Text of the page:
International law enforcement officials found certain types of rosewood to be a major target of illegal activity — accounting for up to 35 percent of the value of worldwide seizures of illegally trafficked wild animals and plants. This activity was centered in Southeast Asia and involved different types of rosewood that were illegally sourced to supply the Asian furniture market. By contrast, Taylor Guitars and the vast majority of the guitar industry source Indian rosewood from India, where it has been legally and sustainably managed for years. But the CITES listing was written to cover the entire Dalbergia genus, so it applies to all Dalbergia rosewood species. Nonetheless, Taylor Guitars supports better protection for the diversity and health of rosewood.

How do these rosewood regulations impact the sale of rosewood guitars?

Effective January 2, 2017, CITES import or export permits are required for commercial trade across international borders of Dalbergia in all its forms. This includes raw materials, parts, and guitars with any Dalbergia part on it. So this means not only a guitar with rosewood back and sides, but one that contains even small Dalbergia rosewood components (such as binding, a peghead overlay, pickguard, or other rosewood trim). Import/export permits are needed for anyone who buys or sells internationally, whether a wood supplier, manufacturer, dealer, distributor, or individual. To be clear, the CITES Management Authority in the U.S., the U.S. Fish and Wildlife Service, has stated that this regulation is neither a ban nor boycott of domestic trade in Dalbergia products.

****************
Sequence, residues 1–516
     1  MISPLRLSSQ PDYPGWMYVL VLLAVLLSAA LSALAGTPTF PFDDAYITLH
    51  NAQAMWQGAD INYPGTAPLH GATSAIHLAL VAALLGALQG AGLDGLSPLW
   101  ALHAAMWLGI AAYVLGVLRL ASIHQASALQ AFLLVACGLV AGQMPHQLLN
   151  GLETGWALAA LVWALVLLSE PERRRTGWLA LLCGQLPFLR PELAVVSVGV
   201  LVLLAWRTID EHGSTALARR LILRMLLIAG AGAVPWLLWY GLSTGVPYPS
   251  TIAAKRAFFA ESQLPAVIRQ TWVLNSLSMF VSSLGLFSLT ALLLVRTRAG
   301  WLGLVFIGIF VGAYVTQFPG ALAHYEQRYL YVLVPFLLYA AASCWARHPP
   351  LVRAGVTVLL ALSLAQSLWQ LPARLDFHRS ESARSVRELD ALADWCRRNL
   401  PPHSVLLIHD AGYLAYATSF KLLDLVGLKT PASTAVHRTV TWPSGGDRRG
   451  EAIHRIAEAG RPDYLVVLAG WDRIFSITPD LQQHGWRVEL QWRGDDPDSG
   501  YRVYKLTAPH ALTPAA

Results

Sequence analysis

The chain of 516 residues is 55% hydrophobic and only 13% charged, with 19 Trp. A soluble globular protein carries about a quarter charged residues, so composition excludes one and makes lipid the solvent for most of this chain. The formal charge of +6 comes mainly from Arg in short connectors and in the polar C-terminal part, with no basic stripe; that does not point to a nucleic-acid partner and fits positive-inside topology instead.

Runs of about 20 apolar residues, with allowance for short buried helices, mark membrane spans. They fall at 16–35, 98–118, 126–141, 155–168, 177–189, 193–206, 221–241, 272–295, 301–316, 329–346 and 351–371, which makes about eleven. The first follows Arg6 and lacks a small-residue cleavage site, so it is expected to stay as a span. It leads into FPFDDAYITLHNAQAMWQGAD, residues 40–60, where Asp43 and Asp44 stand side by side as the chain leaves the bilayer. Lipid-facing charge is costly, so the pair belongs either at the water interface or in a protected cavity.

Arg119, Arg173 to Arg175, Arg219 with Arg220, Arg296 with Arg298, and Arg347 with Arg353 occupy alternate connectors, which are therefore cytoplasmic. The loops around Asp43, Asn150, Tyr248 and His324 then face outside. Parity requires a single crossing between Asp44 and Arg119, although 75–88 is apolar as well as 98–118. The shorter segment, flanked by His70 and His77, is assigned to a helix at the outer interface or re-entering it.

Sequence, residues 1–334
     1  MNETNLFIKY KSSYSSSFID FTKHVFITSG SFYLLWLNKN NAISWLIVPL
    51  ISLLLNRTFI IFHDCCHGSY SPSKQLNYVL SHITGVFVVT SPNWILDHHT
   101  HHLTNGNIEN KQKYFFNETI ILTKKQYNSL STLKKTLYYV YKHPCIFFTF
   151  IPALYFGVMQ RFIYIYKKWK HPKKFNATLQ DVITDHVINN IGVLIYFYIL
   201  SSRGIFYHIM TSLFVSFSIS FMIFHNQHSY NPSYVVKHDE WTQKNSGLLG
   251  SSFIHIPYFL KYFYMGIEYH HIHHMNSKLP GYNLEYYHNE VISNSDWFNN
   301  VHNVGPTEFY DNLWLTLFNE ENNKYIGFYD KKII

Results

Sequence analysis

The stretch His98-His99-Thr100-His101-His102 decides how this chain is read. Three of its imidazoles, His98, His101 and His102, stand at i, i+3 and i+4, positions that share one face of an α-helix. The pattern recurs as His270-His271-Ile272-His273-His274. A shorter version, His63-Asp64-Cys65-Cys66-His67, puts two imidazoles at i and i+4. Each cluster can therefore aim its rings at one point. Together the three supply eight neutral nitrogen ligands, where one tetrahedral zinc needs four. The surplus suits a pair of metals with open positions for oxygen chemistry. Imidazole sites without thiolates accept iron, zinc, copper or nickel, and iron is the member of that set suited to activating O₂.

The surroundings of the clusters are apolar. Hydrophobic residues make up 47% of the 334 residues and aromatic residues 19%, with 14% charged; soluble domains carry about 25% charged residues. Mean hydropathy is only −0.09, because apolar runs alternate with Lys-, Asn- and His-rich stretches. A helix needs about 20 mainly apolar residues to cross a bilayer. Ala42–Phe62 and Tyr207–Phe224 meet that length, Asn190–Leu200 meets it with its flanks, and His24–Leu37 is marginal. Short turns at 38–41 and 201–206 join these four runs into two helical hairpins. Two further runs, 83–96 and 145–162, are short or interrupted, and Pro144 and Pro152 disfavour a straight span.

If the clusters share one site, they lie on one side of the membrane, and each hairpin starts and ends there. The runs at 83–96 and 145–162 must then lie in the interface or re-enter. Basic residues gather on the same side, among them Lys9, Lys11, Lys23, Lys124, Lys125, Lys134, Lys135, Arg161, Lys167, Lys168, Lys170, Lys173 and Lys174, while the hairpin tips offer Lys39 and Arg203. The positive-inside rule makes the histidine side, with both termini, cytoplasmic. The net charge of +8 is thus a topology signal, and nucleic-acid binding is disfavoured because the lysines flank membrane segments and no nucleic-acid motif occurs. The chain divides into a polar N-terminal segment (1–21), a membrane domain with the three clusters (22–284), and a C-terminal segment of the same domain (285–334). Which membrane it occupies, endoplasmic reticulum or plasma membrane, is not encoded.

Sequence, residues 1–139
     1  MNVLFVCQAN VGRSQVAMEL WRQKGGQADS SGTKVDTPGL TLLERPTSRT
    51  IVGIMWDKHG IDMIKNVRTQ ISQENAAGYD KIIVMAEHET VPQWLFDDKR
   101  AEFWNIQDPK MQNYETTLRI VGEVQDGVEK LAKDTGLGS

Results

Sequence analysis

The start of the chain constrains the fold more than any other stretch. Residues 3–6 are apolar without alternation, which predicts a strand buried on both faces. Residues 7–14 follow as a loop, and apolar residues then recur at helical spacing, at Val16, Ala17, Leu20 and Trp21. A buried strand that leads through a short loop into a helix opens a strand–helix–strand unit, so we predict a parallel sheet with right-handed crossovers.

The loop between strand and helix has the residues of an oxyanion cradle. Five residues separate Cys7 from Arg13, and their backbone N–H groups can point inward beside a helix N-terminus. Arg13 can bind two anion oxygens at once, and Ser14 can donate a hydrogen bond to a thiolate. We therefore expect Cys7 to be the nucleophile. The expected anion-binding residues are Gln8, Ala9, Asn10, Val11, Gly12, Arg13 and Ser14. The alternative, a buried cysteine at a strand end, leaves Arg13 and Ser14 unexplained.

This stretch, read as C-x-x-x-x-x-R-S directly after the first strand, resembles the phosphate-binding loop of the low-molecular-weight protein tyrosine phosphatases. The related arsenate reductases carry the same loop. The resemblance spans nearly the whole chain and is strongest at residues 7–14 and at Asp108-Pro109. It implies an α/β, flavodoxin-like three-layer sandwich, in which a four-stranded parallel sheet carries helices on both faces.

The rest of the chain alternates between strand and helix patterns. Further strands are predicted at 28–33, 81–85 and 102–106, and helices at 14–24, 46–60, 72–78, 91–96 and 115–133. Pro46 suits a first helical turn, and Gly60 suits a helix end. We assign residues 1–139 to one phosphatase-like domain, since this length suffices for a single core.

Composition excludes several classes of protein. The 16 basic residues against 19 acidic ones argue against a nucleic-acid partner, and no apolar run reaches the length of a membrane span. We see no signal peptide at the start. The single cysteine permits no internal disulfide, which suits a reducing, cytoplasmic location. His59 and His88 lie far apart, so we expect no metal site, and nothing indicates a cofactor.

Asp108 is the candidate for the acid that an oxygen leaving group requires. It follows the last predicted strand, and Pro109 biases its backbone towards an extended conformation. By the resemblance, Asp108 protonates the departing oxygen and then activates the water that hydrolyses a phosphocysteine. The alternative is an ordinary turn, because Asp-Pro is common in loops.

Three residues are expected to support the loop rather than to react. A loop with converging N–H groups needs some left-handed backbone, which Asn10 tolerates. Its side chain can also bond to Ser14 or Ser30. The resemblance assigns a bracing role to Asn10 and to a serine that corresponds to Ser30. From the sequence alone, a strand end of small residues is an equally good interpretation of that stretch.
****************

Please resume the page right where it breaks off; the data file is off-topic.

What does this mean for owners of rosewood guitars?

For the vast majority of individual owners of guitars made with Dalbergia rosewood, the new CITES regulations won’t impact you. But if you were to buy or sell a guitar with Dalbergia rosewood internationally, the guitar would need proper CITES documentation for it to be sold legally. An example would be if you live in the U.S. and want to sell your rosewood Taylor 814ce to someone living in Canada. Before you could ship the guitar, you would need to apply for a re-export certificate from the U.S. Fish and Wildlife Service, pay an application fee, wait to receive the certificate, and then include it with the guitar when you ship it. Also, at this time the guitar must be shipped through one of the “Designated Ports” with all pages of the permit so the shipment and permit can be inspected and validated/endorsed by properly credentialed Management Authority officials. Keep in mind that even if the guitar was produced before the regulations took effect (January 2, 2017), you still need a permit that identifies the guitar as “pre-Convention.” It’s recommended that prior to any international transaction you contact the CITES authorities in the destination country to confirm CITES import regulations, as they can differ country by country. Keep in mind that it could take a couple of months to receive the certificate, so given the time, expense and logistics, it will be easier to sell the guitar domestically.

Are permits required for domestic sales?